This means that getting rid of persistent acne may sometimes require anti-fungal treatment instead of antibiotic treatment4. The clindamycin, tetracycline, minocycline, doxycycline and other antibiotic medications that are used to treat acne won’t work when the problem is a yeast infection. In fact, by killing the natural competitors of yeast infections, they leave more food and oxygen for the yeasts to grow and may even make skin problems worse.
If you are an adult 30 years of age or older and you have not had success in treating acne that just won’t go away, ask your doctor if you might not actually have a yeast infection. Malassezia infections of the skin typically are itchy. They are more likely to occur on the chest, arms, back, shoulders, and neck than on the face.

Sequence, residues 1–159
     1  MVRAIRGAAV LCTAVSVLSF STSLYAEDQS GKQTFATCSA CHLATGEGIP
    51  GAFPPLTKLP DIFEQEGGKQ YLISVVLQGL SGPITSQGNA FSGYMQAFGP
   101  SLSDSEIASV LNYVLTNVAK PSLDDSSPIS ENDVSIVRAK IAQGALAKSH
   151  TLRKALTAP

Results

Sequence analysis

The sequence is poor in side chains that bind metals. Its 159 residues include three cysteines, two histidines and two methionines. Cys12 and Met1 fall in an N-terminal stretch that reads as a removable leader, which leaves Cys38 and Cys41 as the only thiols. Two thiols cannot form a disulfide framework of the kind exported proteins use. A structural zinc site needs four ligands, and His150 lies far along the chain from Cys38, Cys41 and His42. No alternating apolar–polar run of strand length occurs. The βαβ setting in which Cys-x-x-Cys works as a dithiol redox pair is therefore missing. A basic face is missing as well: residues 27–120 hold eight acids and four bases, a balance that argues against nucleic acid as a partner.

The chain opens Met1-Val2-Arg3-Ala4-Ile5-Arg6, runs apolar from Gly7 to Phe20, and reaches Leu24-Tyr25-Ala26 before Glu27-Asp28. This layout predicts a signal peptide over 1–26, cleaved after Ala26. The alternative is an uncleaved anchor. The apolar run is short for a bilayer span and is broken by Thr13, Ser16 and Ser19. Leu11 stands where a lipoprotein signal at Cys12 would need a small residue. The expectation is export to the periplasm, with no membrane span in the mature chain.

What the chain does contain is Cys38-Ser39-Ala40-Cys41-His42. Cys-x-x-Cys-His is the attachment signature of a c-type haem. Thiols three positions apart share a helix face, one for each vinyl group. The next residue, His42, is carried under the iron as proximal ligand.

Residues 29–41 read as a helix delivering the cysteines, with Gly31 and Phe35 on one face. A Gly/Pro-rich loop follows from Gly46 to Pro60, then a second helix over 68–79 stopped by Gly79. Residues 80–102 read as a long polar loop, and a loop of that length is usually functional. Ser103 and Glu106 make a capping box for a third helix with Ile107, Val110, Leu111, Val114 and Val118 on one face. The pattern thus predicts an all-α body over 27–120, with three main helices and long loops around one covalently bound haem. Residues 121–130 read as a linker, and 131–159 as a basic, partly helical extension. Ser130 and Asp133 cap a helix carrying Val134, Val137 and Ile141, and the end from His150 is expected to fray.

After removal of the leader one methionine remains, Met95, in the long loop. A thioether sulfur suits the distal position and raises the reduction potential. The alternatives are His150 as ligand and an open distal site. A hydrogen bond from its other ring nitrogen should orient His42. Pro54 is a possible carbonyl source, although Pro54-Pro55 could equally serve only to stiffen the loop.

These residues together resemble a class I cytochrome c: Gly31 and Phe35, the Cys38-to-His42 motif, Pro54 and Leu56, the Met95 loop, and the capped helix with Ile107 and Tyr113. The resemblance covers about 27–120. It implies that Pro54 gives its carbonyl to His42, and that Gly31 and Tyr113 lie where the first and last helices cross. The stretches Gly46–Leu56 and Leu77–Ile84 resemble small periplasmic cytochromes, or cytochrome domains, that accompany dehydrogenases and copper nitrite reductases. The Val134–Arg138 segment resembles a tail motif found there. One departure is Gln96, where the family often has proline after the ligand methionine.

These yeast infections are filled with a white or yellow “pus.” They tend to grow in hair follicles. They can be identified by a blue or white glow when they are examined under a device known as a Wood lamp.
The harder you try to treat an infection you don’t have, the more likely you are just to accumulate side effects. Many adults who have persistent “body acne” or persistent blemishes on their faces get treatments that will never do them any good. If you have not been able to get adult acne under control, don’t try to eradicate all the microbes from your face. Try to eradicate the right microbes from your face by treating yeast infections when yeasts are the problem5.
Frequently Asked Questions About Yeast Infections That Appear To Be Acne
Q. Are there any people who are at special risk for yeast infections of the skin that are often misdiagnosed as acne?